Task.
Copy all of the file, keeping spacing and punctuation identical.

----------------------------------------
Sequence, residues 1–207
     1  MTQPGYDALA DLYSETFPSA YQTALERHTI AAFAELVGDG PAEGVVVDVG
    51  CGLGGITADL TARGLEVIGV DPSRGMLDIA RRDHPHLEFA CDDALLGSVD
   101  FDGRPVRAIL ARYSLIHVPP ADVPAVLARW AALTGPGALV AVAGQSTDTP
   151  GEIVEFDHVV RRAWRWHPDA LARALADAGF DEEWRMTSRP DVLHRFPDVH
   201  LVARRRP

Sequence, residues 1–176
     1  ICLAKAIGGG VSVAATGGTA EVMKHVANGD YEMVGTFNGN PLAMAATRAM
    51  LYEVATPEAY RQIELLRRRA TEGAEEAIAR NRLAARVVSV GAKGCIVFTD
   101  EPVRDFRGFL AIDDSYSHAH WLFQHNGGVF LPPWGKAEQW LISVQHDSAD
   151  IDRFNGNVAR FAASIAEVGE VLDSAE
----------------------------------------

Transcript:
Sequence, residues 1–207
     1  MTQPGYDALA DLYSETFPSA YQTALERHTI AAFAELVGDG PAEGVVVDVG
    51  CGLGGITADL TARGLEVIGV DPSRGMLDIA RRDHPHLEFA CDDALLGSVD
   101  FDGRPVRAIL ARYSLIHVPP ADVPAVLARW AALTGPGALV AVAGQSTDTP
   151  GEIVEFDHVV RRAWRWHPDA LARALADAGF DEEWRMTSRP DVLHRFPDVH
   201  LVARRRP

Sequence, residues 1–176
     1  ICLAKAIGGG VSVAATGGTA EVMKHVANGD YEMVGTFNGN PLAMAATRAM
    51  LYEVATPEAY RQIELLRRRA TEGAEEAIAR NRLAARVVSV GAKGCIVFTD
   101  EPVRDFRGFL AIDDSYSHAH WLFQHNGGVF LPPWGKAEQW LISVQHDSAD
   151  IDRFNGNVAR FAASIAEVGE VLDSAE